Initiation is an important part of the rites of passage. For the most past, initiation does not only indicate a stage of learning or achievement, but also accompanies or inspires inner change. Initiation bears a somewhat mystical nature, and it is performed when the person shows signs of inner discovery or a deep inner change.
Initiation rites may differ slightly from tradition to tradition, but the rite is just the outer manifestation of the initiation. Personal experience is what counts, and this must be experienced personally. Since the name-giving alone does not guarantee that the person will become a witch/ wizard, it is necessary for the person to opt to “practice” in order to receive initiation. The first stage in initiation is consecration. This is the obligation to learn about the wicca that the person applies to himself, to the community, and to the goddess and god. If the person is committed to consecration, it attests to a certain level of commitment, but does not yet attest to total membership, as initiation does. It is generally accepted that at least a year and a day must elapse between consecration and initiation. This time is devoted to studying the principles and practice of wicca, including the practice of (white) magic. An important part of initiation is learning the group’s technical “language,” so that the person can communicate easily with others of the same tradition.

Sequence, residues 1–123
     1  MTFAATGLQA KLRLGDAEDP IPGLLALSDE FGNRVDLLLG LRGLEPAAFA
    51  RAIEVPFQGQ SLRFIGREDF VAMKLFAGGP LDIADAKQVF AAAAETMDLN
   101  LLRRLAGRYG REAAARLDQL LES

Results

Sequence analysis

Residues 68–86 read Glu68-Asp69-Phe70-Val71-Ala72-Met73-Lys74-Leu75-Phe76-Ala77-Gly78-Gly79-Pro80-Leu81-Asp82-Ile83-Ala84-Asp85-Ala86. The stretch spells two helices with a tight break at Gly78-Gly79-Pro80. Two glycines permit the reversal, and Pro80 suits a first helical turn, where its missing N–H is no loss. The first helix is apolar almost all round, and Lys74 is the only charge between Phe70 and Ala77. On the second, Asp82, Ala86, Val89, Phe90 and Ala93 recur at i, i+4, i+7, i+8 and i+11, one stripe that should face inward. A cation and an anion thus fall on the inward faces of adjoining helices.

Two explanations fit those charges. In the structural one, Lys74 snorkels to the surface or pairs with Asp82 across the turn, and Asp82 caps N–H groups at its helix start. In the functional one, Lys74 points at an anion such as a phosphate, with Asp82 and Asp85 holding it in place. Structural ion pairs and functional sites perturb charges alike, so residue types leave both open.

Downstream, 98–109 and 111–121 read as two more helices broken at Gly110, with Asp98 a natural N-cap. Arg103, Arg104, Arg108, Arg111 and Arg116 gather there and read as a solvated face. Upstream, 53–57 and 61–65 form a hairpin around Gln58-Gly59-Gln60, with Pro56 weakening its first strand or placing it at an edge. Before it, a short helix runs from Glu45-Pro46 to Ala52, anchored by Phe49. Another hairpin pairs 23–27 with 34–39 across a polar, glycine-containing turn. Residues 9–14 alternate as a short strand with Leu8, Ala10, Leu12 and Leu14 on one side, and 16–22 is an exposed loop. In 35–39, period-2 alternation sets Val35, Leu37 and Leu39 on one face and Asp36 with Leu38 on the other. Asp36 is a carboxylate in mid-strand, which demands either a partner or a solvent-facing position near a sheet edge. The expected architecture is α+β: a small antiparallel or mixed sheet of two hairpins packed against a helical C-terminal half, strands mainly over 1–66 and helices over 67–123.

There is no specific age when initiation is permitted, even though many groups do not permit minors to join a group that practices wicca actively. A 15-year-old may be knowledgeable and mature enough to choose a religious or spiritual path, but his parents and society are liable to forbid him to implement his will actively.
When the person studies wicca, there are three stages or three possible initiations. It is commonly said that “the initiates of the first stage are responsible for themselves; the initiates of the second stage are responsible for the cell/ coven or group; and the initiates of the third stage are responsible for the community, for the whole.” Every group and tradition has its own definitions, levels of study and specialization for each stage. The minimum time for progressing from the first stage to the second stage and from the second stage to the third stage varies, but it is accepted practice to wait at least a year and a day between stages.
Not all witches and wizards attain all three stages, but ideally a wicca practitioner has practiced and studied at least for the first stage. Wicca is a religion of “priests,” that is, everyone who gets through initiation is considered to be a priest or priestess as a right and not as a favor, and is fully capable of communicating with the god directly.
In various wicca traditions, the title “High Priest” or “High Priestess” is given only to people who have attained the third stage of initiation. In other traditions, the title is used for the leader of the cell/ coven.
Day-by-Day Wicca: A complete guide to Wicca from Beliefs and Rituals to Magic and Witchcraft (Astrolog Complete Guides)